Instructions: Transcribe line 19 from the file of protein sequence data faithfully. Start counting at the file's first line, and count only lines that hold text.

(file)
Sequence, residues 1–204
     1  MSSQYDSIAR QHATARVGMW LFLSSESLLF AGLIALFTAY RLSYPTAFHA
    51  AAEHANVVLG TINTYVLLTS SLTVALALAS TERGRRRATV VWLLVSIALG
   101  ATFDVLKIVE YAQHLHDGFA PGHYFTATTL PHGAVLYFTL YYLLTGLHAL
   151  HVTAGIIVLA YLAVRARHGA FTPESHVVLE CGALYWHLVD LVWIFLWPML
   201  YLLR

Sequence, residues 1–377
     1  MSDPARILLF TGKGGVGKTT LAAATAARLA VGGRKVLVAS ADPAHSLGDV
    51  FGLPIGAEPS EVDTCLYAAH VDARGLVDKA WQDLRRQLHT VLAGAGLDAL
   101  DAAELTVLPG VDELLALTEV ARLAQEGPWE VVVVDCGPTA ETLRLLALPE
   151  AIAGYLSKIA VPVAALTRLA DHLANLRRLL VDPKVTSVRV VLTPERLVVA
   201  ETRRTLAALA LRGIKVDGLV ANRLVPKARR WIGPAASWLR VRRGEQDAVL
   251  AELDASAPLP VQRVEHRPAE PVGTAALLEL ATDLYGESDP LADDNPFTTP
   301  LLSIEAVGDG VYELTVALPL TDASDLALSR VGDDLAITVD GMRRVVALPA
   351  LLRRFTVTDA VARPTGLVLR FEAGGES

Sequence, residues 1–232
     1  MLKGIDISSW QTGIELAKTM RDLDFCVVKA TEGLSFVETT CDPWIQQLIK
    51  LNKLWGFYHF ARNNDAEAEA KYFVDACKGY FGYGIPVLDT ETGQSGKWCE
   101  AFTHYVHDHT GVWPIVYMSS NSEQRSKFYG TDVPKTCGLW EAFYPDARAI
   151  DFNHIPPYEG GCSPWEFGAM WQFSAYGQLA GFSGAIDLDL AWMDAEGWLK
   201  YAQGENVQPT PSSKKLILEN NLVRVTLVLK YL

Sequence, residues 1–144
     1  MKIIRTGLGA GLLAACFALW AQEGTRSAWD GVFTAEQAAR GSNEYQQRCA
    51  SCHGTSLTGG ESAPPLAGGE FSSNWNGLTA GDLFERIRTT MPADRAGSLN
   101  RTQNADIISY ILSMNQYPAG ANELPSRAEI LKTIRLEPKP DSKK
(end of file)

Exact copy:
   101  AFTHYVHDHT GVWPIVYMSS NSEQRSKFYG TDVPKTCGLW EAFYPDARAI